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"We do a great job. Everyone loves our nurses, and our outcomes are great."
You may feel this way about your agency, and it may be true. But is it enough to make your agency stand out from the dozens or hundreds of agencies with which you compete? The challenge in marketing a home health agency is that every agency sounds the same, says Alison Cherney, a marketing consultant with Cherney and Associates in Brentwood, TN. "Everyone offers the same basic service 24 hours each day, seven days each week," she says. "A home health manager needs to find a way to differentiate his or her agency by providing the service in a way that is better and different from competitors," she says. "Nordstrom is a retail store like many other retail stores, but people choose to shop at Nordstrom because the customer service is better," Cherney explains.
"Just as Nordstrom offers personal shoppers and friendly employees, a home health agency can offer an intake process that is easier and more efficient, an assessment process that is more thorough and includes better communications, and a discharge process that results in patients who are better prepared to manage their conditions on their own," she points out.
Another way to differentiate your agency from other agencies is to develop a disease management program, or to promote a special expertise your agency has, Cherney suggests. One way to succeed in today’s health care market is to specialize, she says. "Many agencies may already have a specialty, but it isn’t packaged and promoted as a specialty," she says. For example, a home health agency may provide services for a large number of diabetic or wound care patients by using employees with extra training to handle these patients, Cherney notes. "If you already provide the care, you just need to take a few steps to make sure you are meeting the needs of the special population, and then promote yourself as an expert," she says.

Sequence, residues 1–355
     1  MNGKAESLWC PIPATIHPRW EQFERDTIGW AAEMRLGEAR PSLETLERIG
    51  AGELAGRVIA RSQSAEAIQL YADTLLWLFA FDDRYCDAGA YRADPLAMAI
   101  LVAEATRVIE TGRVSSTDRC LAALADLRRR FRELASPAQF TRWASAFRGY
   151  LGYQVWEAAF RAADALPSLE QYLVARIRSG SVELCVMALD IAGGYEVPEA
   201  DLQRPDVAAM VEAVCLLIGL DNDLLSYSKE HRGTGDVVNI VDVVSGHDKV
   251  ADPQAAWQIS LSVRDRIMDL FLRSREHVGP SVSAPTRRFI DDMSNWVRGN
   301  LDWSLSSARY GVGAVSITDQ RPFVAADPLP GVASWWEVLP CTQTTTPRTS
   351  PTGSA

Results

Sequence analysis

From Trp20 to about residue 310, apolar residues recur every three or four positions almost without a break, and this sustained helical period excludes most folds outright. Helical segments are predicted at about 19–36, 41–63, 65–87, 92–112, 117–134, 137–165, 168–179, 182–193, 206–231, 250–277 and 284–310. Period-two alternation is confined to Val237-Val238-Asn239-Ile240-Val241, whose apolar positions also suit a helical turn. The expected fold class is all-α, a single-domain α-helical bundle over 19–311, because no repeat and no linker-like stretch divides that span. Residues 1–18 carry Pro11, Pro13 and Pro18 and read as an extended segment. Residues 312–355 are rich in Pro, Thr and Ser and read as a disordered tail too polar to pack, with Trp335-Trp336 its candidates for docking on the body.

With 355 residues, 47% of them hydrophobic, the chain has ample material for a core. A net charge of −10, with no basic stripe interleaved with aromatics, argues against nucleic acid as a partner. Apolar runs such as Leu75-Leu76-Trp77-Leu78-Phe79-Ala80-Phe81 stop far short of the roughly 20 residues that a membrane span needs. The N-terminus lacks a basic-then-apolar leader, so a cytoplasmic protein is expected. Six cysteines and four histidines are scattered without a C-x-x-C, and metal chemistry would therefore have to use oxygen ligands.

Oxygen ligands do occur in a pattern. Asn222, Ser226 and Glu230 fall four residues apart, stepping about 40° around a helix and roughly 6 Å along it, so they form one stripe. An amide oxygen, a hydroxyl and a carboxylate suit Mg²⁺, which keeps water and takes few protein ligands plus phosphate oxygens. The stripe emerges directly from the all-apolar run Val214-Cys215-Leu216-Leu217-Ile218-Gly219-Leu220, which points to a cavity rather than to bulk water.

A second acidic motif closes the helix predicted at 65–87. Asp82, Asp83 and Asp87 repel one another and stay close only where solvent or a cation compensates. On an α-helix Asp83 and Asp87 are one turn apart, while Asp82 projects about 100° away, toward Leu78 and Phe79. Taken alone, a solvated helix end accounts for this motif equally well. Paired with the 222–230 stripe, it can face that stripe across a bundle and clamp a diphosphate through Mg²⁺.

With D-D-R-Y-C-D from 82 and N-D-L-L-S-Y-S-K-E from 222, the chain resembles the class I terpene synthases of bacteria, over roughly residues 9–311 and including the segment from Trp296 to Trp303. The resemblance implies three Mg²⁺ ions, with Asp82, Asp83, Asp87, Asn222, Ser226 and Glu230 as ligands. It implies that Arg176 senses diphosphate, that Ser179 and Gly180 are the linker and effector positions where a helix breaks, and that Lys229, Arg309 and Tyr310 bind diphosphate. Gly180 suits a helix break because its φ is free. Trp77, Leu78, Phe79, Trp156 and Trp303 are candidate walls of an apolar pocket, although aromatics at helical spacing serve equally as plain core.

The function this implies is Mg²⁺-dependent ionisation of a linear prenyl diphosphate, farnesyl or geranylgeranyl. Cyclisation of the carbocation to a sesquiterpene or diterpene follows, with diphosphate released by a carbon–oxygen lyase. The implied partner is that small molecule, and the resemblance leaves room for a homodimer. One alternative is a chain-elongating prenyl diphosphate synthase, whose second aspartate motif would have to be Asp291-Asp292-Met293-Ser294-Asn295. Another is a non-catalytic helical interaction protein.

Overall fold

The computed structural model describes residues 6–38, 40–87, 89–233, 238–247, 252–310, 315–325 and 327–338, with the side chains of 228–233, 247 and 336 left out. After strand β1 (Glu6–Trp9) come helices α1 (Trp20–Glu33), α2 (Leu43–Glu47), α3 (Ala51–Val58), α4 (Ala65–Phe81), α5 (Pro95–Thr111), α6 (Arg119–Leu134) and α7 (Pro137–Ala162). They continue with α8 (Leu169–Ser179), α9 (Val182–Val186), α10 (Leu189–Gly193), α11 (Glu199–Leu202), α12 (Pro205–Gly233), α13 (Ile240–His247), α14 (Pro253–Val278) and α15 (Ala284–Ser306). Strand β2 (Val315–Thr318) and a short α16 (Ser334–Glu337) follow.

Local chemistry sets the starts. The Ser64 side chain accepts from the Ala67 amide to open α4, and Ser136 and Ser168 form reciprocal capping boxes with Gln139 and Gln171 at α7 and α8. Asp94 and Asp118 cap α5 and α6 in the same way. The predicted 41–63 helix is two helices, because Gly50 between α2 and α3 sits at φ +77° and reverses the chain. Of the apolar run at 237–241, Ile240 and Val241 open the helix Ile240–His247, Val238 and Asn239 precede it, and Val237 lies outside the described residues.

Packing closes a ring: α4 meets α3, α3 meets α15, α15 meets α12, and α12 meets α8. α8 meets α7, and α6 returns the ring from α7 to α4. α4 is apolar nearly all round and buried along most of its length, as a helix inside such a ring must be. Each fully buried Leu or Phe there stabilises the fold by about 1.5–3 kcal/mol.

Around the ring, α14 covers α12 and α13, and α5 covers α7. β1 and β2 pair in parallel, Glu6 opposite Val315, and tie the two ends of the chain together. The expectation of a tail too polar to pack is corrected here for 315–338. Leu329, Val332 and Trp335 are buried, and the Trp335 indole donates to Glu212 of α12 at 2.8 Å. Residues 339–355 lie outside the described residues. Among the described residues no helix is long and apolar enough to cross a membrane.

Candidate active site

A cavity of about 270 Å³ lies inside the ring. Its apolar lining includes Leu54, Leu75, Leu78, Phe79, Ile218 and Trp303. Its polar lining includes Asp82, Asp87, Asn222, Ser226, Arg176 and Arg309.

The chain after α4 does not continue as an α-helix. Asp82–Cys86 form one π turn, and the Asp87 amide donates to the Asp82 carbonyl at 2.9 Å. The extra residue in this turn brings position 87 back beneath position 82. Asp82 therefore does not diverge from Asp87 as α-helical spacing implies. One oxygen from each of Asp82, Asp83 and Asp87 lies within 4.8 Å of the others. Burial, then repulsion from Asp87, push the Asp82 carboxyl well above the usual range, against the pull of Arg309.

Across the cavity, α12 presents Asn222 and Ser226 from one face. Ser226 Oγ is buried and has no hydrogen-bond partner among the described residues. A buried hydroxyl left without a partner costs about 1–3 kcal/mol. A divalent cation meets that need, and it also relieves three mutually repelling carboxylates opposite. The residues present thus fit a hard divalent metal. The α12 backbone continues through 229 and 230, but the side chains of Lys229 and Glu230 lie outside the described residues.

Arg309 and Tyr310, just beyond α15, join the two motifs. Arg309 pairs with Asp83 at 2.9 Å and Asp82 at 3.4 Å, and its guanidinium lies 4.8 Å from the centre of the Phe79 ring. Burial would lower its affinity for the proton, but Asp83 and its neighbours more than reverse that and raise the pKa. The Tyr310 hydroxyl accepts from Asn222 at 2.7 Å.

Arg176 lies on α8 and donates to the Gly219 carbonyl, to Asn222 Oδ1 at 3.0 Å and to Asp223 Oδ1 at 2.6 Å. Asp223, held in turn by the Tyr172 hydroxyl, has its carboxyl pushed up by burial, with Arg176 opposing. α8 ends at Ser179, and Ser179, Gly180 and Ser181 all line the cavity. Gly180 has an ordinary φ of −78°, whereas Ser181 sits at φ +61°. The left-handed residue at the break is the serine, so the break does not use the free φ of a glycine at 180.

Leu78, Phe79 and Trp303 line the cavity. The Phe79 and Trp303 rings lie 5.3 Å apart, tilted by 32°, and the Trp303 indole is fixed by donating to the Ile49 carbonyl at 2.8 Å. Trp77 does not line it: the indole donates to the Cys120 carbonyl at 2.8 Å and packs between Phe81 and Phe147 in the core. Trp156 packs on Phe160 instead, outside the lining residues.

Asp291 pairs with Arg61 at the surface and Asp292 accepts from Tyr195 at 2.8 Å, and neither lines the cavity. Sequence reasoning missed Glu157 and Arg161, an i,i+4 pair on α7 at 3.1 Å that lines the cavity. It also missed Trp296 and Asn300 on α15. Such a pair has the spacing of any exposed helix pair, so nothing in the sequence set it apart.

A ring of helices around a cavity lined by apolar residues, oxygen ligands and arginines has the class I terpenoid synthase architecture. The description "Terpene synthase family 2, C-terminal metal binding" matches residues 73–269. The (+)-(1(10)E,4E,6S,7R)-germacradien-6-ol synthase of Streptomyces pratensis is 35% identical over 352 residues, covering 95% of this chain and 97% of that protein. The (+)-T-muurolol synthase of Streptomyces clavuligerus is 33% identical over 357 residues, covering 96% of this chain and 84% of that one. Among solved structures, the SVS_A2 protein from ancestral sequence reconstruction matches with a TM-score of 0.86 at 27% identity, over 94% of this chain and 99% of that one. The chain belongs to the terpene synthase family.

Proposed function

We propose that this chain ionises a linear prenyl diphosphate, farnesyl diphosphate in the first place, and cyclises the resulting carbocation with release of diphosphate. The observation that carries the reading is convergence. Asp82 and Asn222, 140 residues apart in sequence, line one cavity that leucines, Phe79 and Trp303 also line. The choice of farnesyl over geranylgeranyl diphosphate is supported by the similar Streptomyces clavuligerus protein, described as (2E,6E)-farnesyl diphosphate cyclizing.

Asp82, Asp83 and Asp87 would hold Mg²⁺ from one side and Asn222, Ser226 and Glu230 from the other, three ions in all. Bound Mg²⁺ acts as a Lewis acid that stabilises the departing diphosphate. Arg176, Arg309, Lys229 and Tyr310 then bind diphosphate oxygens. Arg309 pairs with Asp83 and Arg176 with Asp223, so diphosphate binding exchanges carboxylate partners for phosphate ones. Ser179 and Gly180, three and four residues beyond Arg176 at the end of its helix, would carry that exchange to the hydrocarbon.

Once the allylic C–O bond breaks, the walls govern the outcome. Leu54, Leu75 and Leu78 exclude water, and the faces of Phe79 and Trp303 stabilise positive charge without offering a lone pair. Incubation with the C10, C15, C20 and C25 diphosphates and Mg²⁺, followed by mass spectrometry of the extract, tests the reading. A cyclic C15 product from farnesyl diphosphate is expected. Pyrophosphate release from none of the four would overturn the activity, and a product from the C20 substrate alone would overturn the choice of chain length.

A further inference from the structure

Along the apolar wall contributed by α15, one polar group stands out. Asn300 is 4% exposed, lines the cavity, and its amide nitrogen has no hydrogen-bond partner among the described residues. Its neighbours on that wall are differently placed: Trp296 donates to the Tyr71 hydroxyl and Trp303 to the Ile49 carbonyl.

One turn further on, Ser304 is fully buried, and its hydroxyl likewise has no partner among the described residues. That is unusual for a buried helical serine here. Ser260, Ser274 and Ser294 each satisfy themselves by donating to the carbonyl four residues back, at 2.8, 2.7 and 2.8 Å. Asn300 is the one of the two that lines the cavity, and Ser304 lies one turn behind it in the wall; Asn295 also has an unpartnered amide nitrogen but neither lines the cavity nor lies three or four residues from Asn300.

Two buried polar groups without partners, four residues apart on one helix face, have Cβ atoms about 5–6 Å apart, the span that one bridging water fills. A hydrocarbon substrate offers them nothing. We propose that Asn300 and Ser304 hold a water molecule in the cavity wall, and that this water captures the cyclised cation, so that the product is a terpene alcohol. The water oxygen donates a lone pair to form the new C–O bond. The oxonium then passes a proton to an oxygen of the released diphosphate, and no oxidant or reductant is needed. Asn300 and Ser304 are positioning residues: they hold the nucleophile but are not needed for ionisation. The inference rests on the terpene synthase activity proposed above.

An advisory board that includes physicians and other experts related to the disease management program can give you some good ideas about features that are important for a successful program, Cherney says. "Package your service by medical specialty, such as respiratory or heart, or by disease such as diabetes," she adds.
To find the right service for your agency, look at your current patient population, says Amor Bango, RN, BSN, director of clinical operations at Visiting Nurse Association of Central New York (VNA) in Syracuse, NY. Two years ago, Bango and other managers noticed that more than 20% of their new admissions were for cardiac-related reasons and about 33% of all of their patients had cardiac disease even if it wasn’t the reason for admission to home health. Congestive heart failure is the strongest reason for readmission to the hospital for VNA’s home health patients.
Therefore, the agency management developed a team to focus on heart patients and improve monitoring and education for this group, Bango says. The program was launched in February 2003.
"We developed a cardiac team and named the program Heart Smart, says Diane Nanno, RN, BSN, clinical nurse manager for VNA. But the agency did more than just create a name. "We chose nurses for the team that either have a strong interest in cardiac care or a background in cardiac care," she says. All of the nurses are also experienced home health nurses, she adds. The Heart Smart nurses, who were chosen from existing staff members, underwent intensive training to learn more about cardiac disease, diagnosis, and medications used to treat cardiac disease, Nanno explains.
The education continues on a monthly basis as Heart Smart team members meet to discuss the program, patients, and new articles or research that relate to their patients’ condition, she adds. "We also look for inservice opportunities using outside experts that can increase our knowledge," she says.
In addition to equipment such as pulse oximeters and scales, the agency developed a teaching guide that serves as a written record of the patient’s daily status as well as a reference guide to support patients when the nurse is not in the home, Nanno continues. There was no need for a large financial investment to develop the program because it did not require anything that they weren’t already doing, except the specialized education for the nurses, she says.
The benefits to the agency include a more positive relationship with referring physicians and a new relationship with a local hospital that has set up a program for patients with advanced heart failure, Bango says.